The other thing I find that helps if an issue is taking too long is just talking to other developers. I don't have any around me in the office because I work on my own. So I turn to Slack and Twitter instead. What's important is that I rarely go there seeking an answer to a problem. I go there seeking inspiration. Other developers will nearly always have a different approach to mine. While it fundamentally may not be the solution I was after, it very often helps get me there by making me think about something I'd never considered before. It reminds me of a great quote by Andy J Pizza: "Every idea is just an iteration towards a better idea."

If you can, talk to other devs too. Ideally ones local to you, but online can work as well like it does for me. Just be cordial if you're talking to people you've never interacted with before. You may well be frustrated because you're stuck on something, but taking that frustration out socially, even if passive-aggressively, doesn't help anyone, least of all you. I see this quite often. People will roll-up on Phaser Slack or Discord stressed about something and kick-off, blaming the docs, or the examples, or some 'weird API choice'. Essentially trying to push the blame away from their lack of understanding to something else, when the reality is that the answers are always there to be found in the source. It just takes a little digging or knowledge to uncover them. And we'll happily help you do that, so long as you don't offend us in the process of asking. So please, do come and join us and chat about your games.

Accessing Matter.js Directly

The same question has come up a few times recently so I thought it warranted a mini-tutorial. In essence, the question being asked was how do you add something to a Matter.js world without using one of the Phaser objects.

Phaser provides a number of factory functions that encapsulate the creation of a Phaser Game Object, such as an Image, with an automatically generated Matter physics body. You may have seen functions such as this.matter.add.image() that provide this. Internally, it creates an Image, adds a special bunch of Matter components, gives it a body based on the image texture size and returns it. Which is great if that's what you need. Yet how about the times when you just want to add bodies directly into the Matter world without binding them to any other object?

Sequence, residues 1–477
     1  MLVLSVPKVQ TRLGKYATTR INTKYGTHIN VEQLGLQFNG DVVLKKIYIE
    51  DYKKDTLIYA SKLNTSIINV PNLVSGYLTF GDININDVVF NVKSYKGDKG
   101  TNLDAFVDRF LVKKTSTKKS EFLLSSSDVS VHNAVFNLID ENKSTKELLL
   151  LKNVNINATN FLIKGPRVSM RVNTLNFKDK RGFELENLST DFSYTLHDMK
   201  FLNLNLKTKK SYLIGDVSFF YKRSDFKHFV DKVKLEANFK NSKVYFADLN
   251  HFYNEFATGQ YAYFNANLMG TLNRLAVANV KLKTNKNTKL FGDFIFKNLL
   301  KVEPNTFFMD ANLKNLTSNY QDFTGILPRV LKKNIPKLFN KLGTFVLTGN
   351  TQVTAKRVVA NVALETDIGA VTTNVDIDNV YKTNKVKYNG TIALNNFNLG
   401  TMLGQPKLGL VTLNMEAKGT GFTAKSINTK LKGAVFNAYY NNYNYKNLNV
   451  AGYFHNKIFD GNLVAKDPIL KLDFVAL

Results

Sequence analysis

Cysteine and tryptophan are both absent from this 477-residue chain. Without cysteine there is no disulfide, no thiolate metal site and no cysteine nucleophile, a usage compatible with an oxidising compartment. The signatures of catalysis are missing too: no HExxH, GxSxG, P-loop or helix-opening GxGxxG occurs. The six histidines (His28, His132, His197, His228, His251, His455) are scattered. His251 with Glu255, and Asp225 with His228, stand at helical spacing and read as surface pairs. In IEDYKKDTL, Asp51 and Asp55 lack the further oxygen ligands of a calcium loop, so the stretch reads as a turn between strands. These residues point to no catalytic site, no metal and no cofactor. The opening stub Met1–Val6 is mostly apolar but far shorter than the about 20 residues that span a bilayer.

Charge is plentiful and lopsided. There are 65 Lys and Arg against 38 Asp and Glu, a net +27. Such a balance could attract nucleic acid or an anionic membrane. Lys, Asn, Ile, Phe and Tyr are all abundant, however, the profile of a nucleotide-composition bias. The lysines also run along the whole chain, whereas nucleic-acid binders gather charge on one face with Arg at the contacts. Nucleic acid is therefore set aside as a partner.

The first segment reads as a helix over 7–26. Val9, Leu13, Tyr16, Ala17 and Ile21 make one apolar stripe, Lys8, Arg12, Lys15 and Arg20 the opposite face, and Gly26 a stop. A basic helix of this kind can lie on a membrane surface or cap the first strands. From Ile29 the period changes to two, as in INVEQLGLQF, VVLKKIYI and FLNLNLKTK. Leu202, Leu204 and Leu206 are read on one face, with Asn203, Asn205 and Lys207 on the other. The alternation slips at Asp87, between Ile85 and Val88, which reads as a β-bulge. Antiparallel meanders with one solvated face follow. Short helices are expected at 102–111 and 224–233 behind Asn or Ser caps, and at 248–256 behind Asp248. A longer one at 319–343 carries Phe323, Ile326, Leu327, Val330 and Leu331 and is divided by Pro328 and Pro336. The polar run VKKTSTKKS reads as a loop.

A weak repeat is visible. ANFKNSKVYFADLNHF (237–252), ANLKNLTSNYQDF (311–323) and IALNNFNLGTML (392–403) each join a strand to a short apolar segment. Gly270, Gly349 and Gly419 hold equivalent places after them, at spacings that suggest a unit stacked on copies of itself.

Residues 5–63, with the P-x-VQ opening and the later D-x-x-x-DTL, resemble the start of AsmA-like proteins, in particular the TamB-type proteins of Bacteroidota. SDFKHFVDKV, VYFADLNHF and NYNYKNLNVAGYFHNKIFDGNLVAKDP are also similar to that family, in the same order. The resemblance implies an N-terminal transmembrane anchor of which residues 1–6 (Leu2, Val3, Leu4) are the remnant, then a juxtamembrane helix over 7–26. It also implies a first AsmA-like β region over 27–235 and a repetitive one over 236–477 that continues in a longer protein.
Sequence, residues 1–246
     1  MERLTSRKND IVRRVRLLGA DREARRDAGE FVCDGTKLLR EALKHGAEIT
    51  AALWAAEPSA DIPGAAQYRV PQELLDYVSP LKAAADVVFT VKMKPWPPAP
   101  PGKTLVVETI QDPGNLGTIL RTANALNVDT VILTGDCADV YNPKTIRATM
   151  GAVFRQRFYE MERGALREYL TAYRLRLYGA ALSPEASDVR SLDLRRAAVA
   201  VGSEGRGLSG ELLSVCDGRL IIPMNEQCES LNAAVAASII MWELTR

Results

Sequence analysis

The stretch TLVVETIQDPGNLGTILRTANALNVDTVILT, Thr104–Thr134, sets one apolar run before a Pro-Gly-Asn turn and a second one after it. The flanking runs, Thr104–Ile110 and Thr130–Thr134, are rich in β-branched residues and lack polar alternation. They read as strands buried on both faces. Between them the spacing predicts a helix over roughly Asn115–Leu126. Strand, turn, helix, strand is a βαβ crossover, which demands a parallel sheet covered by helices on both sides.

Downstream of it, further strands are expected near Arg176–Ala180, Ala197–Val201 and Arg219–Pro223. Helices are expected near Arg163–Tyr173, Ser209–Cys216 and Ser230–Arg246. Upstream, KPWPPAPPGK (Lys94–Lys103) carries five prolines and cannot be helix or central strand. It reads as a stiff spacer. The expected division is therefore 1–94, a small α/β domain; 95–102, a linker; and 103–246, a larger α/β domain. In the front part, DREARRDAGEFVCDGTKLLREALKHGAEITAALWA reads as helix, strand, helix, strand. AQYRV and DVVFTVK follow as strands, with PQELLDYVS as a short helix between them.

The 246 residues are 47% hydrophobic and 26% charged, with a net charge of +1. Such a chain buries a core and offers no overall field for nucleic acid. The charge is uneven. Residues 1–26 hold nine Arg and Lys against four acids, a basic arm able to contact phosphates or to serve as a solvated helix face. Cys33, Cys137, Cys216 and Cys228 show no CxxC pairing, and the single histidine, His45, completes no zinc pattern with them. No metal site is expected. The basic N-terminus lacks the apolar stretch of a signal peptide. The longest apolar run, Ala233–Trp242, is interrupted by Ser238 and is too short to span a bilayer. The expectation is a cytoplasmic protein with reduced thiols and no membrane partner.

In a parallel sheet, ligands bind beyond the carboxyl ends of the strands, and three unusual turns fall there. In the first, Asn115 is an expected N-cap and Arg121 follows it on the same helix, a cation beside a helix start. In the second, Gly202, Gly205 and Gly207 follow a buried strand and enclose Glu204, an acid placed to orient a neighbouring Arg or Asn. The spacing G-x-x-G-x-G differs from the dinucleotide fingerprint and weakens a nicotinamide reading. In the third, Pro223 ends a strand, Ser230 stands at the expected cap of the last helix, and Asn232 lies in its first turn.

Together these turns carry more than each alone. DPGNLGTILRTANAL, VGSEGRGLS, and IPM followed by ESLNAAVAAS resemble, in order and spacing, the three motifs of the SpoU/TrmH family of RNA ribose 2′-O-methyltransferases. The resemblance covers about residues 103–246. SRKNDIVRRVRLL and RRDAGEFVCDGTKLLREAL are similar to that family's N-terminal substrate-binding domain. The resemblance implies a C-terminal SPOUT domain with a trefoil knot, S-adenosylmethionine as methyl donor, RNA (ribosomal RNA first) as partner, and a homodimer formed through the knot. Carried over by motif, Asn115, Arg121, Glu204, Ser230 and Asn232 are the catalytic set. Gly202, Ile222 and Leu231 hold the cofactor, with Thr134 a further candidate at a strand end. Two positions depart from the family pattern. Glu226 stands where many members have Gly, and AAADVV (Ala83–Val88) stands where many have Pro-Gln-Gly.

It's actually easier than you may think. You just have to know how to reference the Matter world and it's associated libs. For this example let's create a body directly in the Matter world, without using any factory functions at all. The key to this is knowing where the libs are. If you're using a runtime version of Phaser, by which I mean Phaser loads independently from your game code (like in the Phaser Examples), then you can reference all of the Matter libs via Phaser.Physics.Matter.Matter. Yes, that's duplicated at the end, because the first Matter is the namespace within Phaser.Physics, and the second is a reference to the entry point of the Matter library itself.

This means that anything you see listed in the Matter.js API docs, such as the Bodies, Constraint, Vertices, and so on, are available via Phaser.Physics.Matter.Matter.

Lots of the Matter lib functions require references to either the Matter Engine or the Matter World instances to be passed in to them. The Engine is available via this.matter.world.engine from within any Scene. The Matter world composite, which contains all of the simulated bodies and constraints, is available via this.matter.world.localWorld.

So, let's create a body using nothing more than a list of vertices and 'native' Matter functions. First, let's take some path data and pass it over to the handy Vertices.fromPath function:


With a list of vertices prepared we can now create a Body. Again, Matter has a helper function called fromVertices available in the Bodies class. Then, we use World.add to add it to the simulation:


It's not much code but it's suddenly become a lot more verbose. If we run this example we can see our mountain range working and some balls bouncing off it (these are added via a timed loop):


Still, if you need direct access to Matter, this is how you can do it. For comparison here is the same code as above using Phaser factory functions:


This works because matter.verts is an alias for the Vertices helper functions, and matter.add.fromVertices is an alias for the Bodies fromVertices function, that also adds the resulting body into the world. I designed Phaser to save you time by needing less coding, and this is one of the ways I do that. Just remember that if you ever need to get right into the internals of Matter, you can do it, it's all there available to you, so long as you know how to get in.